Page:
The Italian government's €3.9 billion (US$5.26 billion) spectrum auction windfall, Long Term Evolution (LTE) action in Sweden and Kenya, some acquisition activity in Poland and the outsourcing of Symbian make the headlines in today's EMEA roundup.
Italy's mobile operators have paid a collective €3.9 billion for new spectrum in the 800MHz band (which becomes available in January 2013), the 1800MHz (available before the end of 2011) and 2.6GHz band (available by the end of 2012). Vodafone Italy and Telecom Italia (TIM) paid about €1.26 billion ($1.7 billion) each for 20MHz in the 800MHz band, 10MHz in the 1800 MHz band, and 30MHz in the 2.6GHz band. Wind Telecomunicazioni SpA and 3 Italia were the other operators to get new capacity.
Telia, the Swedish arm of Scandinavian powerhouse Telia Company , says it plans to add LTE access capabilities to a further 432 locations across Sweden next year, taking the total to 663 locations by the end of 2012. The operator is telling its customers that with LTE they can get the broadband experience they are used to at home "virtually anywhere -- even in the mushroom forest." Fungi fans may be a niche market, but it's an interesting one to pick! (Geddit? Oh, never mind ...)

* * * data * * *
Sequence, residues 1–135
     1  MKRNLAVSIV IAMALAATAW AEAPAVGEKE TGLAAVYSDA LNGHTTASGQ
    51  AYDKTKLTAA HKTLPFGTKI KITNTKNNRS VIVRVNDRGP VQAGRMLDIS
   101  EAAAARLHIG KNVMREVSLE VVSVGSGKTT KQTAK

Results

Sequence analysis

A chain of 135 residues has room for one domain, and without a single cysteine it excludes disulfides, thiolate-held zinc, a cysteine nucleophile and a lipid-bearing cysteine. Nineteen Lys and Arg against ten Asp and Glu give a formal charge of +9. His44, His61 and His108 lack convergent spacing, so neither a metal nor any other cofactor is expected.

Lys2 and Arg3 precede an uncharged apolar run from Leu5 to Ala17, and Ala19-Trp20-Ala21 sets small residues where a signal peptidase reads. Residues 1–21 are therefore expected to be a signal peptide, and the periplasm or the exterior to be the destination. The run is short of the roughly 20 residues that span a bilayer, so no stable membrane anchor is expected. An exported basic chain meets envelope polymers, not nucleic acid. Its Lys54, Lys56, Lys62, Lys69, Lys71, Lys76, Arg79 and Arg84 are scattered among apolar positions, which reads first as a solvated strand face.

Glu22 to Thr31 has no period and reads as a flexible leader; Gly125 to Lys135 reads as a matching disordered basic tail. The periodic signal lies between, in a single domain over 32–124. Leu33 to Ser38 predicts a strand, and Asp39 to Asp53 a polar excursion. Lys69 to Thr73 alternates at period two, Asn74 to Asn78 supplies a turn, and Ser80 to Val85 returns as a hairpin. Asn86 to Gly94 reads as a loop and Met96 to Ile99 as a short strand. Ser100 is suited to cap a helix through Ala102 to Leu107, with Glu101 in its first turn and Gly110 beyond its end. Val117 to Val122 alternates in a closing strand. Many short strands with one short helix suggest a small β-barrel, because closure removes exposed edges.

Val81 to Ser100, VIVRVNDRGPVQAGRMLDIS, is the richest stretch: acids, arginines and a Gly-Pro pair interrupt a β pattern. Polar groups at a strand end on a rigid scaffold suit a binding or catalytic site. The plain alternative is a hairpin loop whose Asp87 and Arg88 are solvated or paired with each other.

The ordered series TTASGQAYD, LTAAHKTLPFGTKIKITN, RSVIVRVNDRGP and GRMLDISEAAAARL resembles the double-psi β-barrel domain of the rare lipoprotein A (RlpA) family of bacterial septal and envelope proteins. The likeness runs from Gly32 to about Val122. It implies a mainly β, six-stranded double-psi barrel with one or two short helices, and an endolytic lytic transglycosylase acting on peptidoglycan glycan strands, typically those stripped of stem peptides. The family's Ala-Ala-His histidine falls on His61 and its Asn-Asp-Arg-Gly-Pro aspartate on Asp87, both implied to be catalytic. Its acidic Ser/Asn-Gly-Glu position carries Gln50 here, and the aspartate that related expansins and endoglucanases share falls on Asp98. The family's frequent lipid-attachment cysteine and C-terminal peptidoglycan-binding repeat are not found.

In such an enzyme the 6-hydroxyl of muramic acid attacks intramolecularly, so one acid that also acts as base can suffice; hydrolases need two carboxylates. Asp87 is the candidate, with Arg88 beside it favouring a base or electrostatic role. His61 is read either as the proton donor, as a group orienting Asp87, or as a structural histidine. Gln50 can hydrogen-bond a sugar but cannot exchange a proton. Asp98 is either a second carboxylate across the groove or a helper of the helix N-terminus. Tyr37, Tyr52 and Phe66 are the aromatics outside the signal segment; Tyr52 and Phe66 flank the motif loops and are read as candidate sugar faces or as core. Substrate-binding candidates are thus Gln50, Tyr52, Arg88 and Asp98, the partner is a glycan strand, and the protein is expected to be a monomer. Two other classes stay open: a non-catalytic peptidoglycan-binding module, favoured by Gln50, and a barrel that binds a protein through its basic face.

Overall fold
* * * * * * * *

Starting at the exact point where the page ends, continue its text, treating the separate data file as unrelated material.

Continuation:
Poland's largest competitive operator, Netia Holdings SA , just got a bit bigger as it's acquiring two other alternative operators, Telefonia Dialog SA (triple play and mobile services) and Crowley Data Poland (wholesale and enterprise services). Netia expects these deals to boost its annual revenues to more than 2 billion Polish zloty ($611 million), still a fair amount less than that of incumbent Telekomunikacja Polska SA . If the deals are cleared by the Polish authorities, Netia will pay PLN 890 million ($272 million) for Dialog and PLN 100 million ($31 million) for Crowley Data Poland. For the full details, see Netia's press release (in Polish).
Italian VoIP service provider Messagenet has requested that Microsoft Corp. (Nasdaq: MSFT)'s acquisition of Skype Ltd. be blocked by the European Commission unless Microsoft agrees not to bundle Skype's VoIP applications in its software, reports The New York Times. The EC's competition commission is set to announce if it approves of Microsoft's acquisition on Oct. 7. (See Microsoft to Buy Skype for $8.5B .)